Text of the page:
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Chinese Y-8 Maritime Patrol Aircraft Crashes In The South China Sea; Is Beijing Hunting For Its Plane In The Guise Of Military Drills?

Taiwan has claimed that a Chinese maritime patrol aircraft crashed in the South China Sea earlier this month. 

The incident was first revealed on Twitter by a Vietnam-based reporter, Duan Dang, citing unnamed sources. A Shaanxi Y-8 Maritime Patrol aircraft had crashed off the coast of Sanya, a city on China’s Hainan Island that runs parallel to northern Vietnam, on March 1, he tweeted.  

In another Twitter post on March 6, Dang claimed that China is holding military drills to disguise search and rescue activities off the coast of Vietnam. 

Taiwan’s National Security Bureau Director-General Chen Ming-tong on March 10 confirmed that a PLA plane had crashed into the South China Sea on March 1, according to Taiwan News.

Dang said in his newsletter on March 9 that China was still “actively searching” for the missing maritime patrol aircraft. “The coast guard and research ships were only moving slowly within small areas, suggesting they were on a searching mission. Dozens of other naval ships were also continuously patrolling this area,” Dang added.

Chen Ming-tong, Taiwan’s chief of intelligence, refused to provide additional information on this. However, Chen suggests that while the world is focusing on Russia’s invasion of Ukraine, it is giving less attention to the South China Sea, and that China is seizing the opportunity to “test the limits of the United States and other South China Sea claimants”.

File Photo: Y-8Q aircraft

Taiwan’s Deputy Defense Minister Po Horng-huei said it would be difficult to ascertain whether the downed Y-8 aircraft had previously violated Taiwan’s southwestern Air Defense Identification Zone (ADIZ) or not. 

Chen and Po were briefing lawmakers on Taiwan’s military, foreign affairs, and intelligence services’ assessments of the Russia-Ukraine crisis and its potential impact on cross-strait relations, as well as emergency plans.

The Hainan Maritime Safety Administration, China, released a navigation warning on March 4 prohibiting ships from approaching an area of the Gulf of Tonkin that was blocked for military drills until March 15.

The area falls within Vietnam’s exclusive economic zone (EEZ), and the Vietnamese Foreign Ministry objected to PLA drills, requesting that China respect its EEZ and continental shelf. However, China’s Foreign Ministry replied, stating that “it is reasonable, lawful and irreproachable for China to conduct military exercises on its own doorstep”.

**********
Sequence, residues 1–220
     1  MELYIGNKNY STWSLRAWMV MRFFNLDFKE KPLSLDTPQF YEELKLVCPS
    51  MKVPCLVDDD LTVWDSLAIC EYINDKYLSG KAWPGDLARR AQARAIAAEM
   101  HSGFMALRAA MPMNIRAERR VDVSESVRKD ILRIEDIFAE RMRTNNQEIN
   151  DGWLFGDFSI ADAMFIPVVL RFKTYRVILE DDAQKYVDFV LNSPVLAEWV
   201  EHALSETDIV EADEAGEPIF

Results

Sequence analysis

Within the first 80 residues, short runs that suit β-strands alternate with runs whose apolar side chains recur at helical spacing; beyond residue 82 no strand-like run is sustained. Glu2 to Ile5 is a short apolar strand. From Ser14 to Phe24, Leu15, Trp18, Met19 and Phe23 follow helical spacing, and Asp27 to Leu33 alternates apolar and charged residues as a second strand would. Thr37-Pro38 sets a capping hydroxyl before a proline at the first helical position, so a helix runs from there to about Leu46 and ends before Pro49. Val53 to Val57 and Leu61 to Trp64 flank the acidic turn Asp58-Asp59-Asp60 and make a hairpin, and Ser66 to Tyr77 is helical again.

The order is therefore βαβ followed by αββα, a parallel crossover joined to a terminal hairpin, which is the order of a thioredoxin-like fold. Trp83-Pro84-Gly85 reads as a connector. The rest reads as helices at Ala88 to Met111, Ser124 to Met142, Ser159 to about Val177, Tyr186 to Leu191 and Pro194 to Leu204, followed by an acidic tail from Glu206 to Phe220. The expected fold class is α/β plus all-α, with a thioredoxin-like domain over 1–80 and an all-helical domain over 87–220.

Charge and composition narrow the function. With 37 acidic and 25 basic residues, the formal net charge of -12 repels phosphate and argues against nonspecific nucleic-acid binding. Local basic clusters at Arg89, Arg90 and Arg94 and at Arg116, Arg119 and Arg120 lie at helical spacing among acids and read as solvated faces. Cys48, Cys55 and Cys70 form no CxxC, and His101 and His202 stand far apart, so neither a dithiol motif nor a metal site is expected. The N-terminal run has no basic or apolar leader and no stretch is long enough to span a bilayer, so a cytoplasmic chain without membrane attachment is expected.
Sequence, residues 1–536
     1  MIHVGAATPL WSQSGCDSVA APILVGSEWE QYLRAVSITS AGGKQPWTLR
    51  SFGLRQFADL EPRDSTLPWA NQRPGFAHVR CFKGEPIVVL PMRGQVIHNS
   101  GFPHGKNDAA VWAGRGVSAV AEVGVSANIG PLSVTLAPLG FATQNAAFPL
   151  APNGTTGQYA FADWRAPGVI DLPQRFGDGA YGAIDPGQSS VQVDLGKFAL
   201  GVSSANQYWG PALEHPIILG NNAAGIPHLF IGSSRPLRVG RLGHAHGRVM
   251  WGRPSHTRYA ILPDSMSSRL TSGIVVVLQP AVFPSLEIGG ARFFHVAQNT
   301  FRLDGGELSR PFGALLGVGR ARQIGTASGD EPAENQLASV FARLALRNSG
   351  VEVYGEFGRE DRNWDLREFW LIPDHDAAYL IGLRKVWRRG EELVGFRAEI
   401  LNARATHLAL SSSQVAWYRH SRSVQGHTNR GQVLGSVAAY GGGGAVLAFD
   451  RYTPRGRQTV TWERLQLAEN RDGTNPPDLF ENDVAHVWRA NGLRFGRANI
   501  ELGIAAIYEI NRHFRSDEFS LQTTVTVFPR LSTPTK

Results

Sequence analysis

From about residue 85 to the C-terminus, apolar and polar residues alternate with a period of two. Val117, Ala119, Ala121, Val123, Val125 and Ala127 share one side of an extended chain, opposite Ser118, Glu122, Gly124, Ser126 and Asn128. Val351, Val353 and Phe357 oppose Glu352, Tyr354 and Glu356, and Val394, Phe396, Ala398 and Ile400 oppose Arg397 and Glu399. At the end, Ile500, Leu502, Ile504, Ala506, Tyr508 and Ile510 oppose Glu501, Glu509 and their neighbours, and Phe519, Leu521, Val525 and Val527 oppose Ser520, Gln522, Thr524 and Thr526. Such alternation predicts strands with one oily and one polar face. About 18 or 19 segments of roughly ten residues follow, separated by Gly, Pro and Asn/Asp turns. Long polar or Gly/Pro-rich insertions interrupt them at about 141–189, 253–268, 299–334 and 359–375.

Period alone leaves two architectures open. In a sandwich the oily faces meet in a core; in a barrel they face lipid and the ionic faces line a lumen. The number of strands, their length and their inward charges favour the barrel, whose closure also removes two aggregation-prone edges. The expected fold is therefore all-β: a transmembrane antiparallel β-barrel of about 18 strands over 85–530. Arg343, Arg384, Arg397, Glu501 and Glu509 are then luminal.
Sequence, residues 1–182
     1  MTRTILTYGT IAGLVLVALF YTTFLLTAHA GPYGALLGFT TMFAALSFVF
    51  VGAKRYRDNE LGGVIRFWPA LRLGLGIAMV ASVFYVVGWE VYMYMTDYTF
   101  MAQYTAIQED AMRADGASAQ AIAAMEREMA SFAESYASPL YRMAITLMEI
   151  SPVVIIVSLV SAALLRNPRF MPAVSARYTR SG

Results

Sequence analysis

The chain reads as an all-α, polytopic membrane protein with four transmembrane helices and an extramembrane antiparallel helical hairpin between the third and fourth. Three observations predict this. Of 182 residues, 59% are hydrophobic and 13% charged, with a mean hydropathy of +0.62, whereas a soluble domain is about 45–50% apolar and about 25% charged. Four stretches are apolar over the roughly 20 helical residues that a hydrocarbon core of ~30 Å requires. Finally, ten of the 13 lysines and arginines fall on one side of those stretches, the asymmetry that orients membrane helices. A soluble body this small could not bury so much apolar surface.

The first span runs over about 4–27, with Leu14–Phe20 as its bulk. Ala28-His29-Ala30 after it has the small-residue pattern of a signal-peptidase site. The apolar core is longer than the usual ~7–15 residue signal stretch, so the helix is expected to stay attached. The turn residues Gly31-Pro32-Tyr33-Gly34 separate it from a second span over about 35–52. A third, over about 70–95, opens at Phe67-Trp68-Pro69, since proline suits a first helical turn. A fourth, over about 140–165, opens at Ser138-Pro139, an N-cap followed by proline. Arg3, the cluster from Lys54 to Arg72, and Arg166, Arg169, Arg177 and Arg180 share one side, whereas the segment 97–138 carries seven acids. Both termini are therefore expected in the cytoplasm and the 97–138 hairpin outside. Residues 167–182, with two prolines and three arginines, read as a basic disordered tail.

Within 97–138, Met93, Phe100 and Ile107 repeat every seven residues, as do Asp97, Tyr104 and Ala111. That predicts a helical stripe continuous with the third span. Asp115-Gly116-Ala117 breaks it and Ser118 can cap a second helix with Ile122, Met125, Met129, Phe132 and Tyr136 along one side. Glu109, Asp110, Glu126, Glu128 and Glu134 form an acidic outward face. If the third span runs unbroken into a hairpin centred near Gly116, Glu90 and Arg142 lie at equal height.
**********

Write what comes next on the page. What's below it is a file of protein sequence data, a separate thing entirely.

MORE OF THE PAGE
Over the past two years, the PLA has made regular incursions into Taiwan’s ADIZ, with Y-8s commonly featured in their missions. Beijing is yet to confirm the incident, but Taiwanese media observed a sharp decline in Y-8 flights across Taiwan’s ADIZ. No Y-8 flight was reported from March 2 to March 7

Y-8 Maritime Patrol Aircraft

The Y-8X or Y-8 MPA is a four-engine turboprop maritime patrol aircraft (MPA). It’s the PLA Navy’s first long-range maritime patrol plane. A small fleet of planes is operated by the PLA Naval Aviation Corps. 

The land-based Y-8X is capable of conducting maritime patrol, surveillance, anti-submarine warfare, and search and rescue (SAR) missions. The plane is based on the Y-8 turboprop transport aircraft. The Chinese Y-8 is a licensed version of the Soviet / Russian An-12 Cub aircraft. 

China’s Y-8Q anti-submarine aircraft.

The Y-8X special mission version is the first to be developed from the Y-8 military transport aircraft. Shaanxi was allocated the development program in October 1983, and the design concept was accepted by the PLAN in November 1984. 

In less than a year, the aircraft development was finished with the execution of flying testing. In late 1984, the first Y-8 MPA was handed to the PLAN. 

The plane is outfitted with infrared anti-submarine detection technology, such as sonobuoys and a sonar receiver. For aerial images, low-altitude, medium- to high-altitude optical cameras, as well as an infrared camera, are placed.

The Y-8 MPA is also equipped with an avionics suite and mission equipment. The aircraft is outfitted with a Doppler navigation radar, a radio compass, a radio altimeter, a beacon marker receiver, and a friend or foe identification (IFF). The under-chin dome houses an APSO-504(V)3 surface search radar. In addition, the aircraft has an inertial navigation system (INS) and an Omega global navigation system.

A few years ago, China also unveiled a new variation, the Y-8Q, which is composed of older Y-8Js and Y-8Xs. Last year. China’s state-controlled CGTN news channel published a 60-second video showing the Y-8Q anti-submarine warfare aircraft capabilities.

“The Y-8Q has been involved in 70 percent of all incursions since September 2020. This makes the type the most common intruder into Taiwan’s ADIZ,” according to an article written by Olli Pekka Suorsa, an assistant professor at Rabdan Academy in the UAE.  

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